2006 was a year of several milestones, including one significant disappointment for Hoffman. He was the losing pitcher in the 2006 All-Star Game, despite having two strikes with two outs on eventual MVP Michael Young. On the positive side, August 20 marked Hoffman's 776th outing for the Padres, breaking the Pirates Elroy Face's major league record for most relief appearances with one club, according to the Elias Sports Bureau [6]. Even more significantly, on September 24, Hoffman became the all-time Major League saves leader by saving his 479th career game in a 2-1 victory over the Pittsburgh Pirates, surpassing Lee Smith's record. Hoffman ended the season against the Arizona Diamondbacks in 4 straight clinching playoff appearances.

On April 29, 2007, Hoffman pitched in his 803rd game for the Padres, breaking the record for games pitched for any one team. The record was previously held by both Walter Johnson of the Washington Senators and Elroy Face of the Pittsburgh Pirates. Hoffman ultimately pitched 902 games for the Padres - exactly 100 more than the previous record.

On June 6, 2007, at PETCO Park, Hoffman recorded his 500th career save against the Los Angeles Dodgers. He struck out Russell Martin looking, with a fastball, to secure the 5-2 win for the Padres. Hoffman is the only pitcher in history to log 500 saves.

On July 1, 2007, Hoffman was named to the NL All Star Team for the sixth time in his career, along with teammates Jake Peavy and Chris Young.

On September 8, 2007 (against the Colorado Rockies) Hoffman struck-out his 1000th hitter, a feat matched by only 7 other relief pitchers.

On September 27, 2007 (against the Pittsburgh Pirates) Hoffman picked up his 40th save of the 2007 season. This is his ninth season with 40 saves, another Major League record.

On October 1, 2007, in the Padres' tie-breaker wild card game against the Colorado Rockies, Hoffman blew a save and his team's 8-6 lead in the 13th inning. He took the loss when he allowed the game-winning run to score on a sacrifice fly.

During Spring Training 2008, Hoffman repeatedly told the sports press that he was looking forward to vindicating his lost save against the Colorado Rockies. On April 1, 2008, during the second game of the season, Hoffman recorded his first save of the 2008 season against the Houston Astros.

Milestone savesEdit

Save Date & Opponent Score Note
1 April 29, 1993 at Atlanta 6-5 First Major League save (with the Florida Marlins)
3 August 6, 1993 vs. Colorado 6-3 First save with the Padres
100 April 13, 1997 at Philadelphia 3-1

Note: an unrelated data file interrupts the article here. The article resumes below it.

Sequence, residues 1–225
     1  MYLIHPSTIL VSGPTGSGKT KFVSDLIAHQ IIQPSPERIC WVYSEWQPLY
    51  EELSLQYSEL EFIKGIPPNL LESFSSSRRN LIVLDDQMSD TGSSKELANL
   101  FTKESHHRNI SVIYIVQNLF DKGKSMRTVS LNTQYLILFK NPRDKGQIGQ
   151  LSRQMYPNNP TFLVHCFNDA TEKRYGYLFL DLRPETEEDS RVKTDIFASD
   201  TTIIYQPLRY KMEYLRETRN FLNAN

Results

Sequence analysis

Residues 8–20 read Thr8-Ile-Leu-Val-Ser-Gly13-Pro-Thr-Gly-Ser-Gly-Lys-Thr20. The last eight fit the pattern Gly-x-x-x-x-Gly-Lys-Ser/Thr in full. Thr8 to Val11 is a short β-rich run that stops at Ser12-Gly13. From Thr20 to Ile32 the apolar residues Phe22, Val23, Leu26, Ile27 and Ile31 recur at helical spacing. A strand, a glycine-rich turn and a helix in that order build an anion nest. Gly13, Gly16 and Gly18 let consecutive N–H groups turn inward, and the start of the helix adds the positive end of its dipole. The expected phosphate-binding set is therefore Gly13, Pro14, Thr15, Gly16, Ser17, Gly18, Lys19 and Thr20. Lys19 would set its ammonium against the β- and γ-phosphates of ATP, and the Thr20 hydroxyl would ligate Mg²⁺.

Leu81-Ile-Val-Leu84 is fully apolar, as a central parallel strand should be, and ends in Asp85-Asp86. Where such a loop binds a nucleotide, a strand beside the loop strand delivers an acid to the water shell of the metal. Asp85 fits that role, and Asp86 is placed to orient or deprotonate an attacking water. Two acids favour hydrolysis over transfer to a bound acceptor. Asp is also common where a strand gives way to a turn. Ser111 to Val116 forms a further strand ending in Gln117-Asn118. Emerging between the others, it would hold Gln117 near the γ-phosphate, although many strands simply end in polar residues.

111 June 23, 1997 at San Francisco 11-6 Broke Rollie Fingers' club record with Padres save No. 109
200 June 10, 1999 vs. Oakland 2-1
300 August 15, 2001 vs. New York (NL) 2-1
323 May 1, 2002 vs. Chicago (NL) 4-3 Broke the Major League record for most career saves with one team (321)
391 September 18, 2004 at San Francisco 5-1 Moved past Dennis Eckersley for third place on the all-time saves list
400 May 6, 2005 at St. Louis 6-5
402 May 9, 2005 at Cincinnati 6-5 400th save with the Padres
425 August 24, 2005 vs. Houston 7-4 Moved past John Franco for second place on the all-time saves list
479 September 24, 2006 vs. Pittsburgh 2-1 Moved past Lee Smith to become the all-time saves leader
500 June 6, 2007 vs. Los Angeles 5-2 Became first pitcher to reach 500 saves.
502 June 26, 2007 vs. San Francisco 3-2 500th save with Padres.
530 May 10, 2008 vs. Colorado 3-2 Saved win No. 350 for Greg Maddux.

Saves by opponentEdit

Opponent Saves
Dodgers 63
Rockies 51
Giants 50
Diamondbacks 38
Cubs 33
Pirates 31
Astros 31
Nationals/Expos 30
Marlins 28
Mets 28
Phillies 28
Reds 25
Braves 24
Cardinals 19
Brewers 18
Mariners 16
Rangers 6
Angels 5
Athletics 4
Royals 2
Orioles 1
Red Sox 1
Indians 1
Rays 1
Blue Jays 1
White Sox 0
Yankees 0
Padres 0
Tigers 0
Twins 0
  • As of June 4, 2008 [6]

Saves by stadiumEdit

Stadium Save Count
Qualcomm Stadium 181
PETCO Park 95
Dodger Stadium 36
Coors Field 20
Wrigley Field 19
Chase Field 15
Dolphins Stadium 15
AT&T Park 14
Shea Stadium 12
3 Com Park 12
Turner Field 10
Cinergy Field 10
Veterans Stadium 10
Three Rivers 10
Minute Maid Park 9
Olympic Stadium 9
Busch Memorial Stadium 8
Miller Park 7
Astrodome 7
SAFECO Field 6
Angel Stadium 4
PNC Park 4
RFK Stadium 4
Citizens Bank Park 4
Ameriquest Field 3
Great American Ball Park 2
Kingdome 2
Atlanta-Fulton 2
County Stadium 2
Camden Yards 1
Tropicana Field 1
Busch Stadium 1
Mile High Stadium 1
  • As of May 29, 2008 [7]


When Hoffman first came into the league he was a fireballer, throwing in the low to mid 90’s with a tight curveball. Hoffman’s repertoire now includes one of the game’s best changeups, a more modest four-seam fastball in the 84-88 MPH range, a slower cut fastball that moves in towards a left-handed batter, and he even mixes in a slider and a curveball a handful of times a year for good measure. However, for all intents and purposes, Hoffman is a two-pitch pitcher, alternating between fastballs and changeups. It is the arm action on the change up and the late sink just before it reaches the plate (almost as if someone was pulling on a string attached to the pitch) that has allowed Hoffman to be as successful as he has been over the years.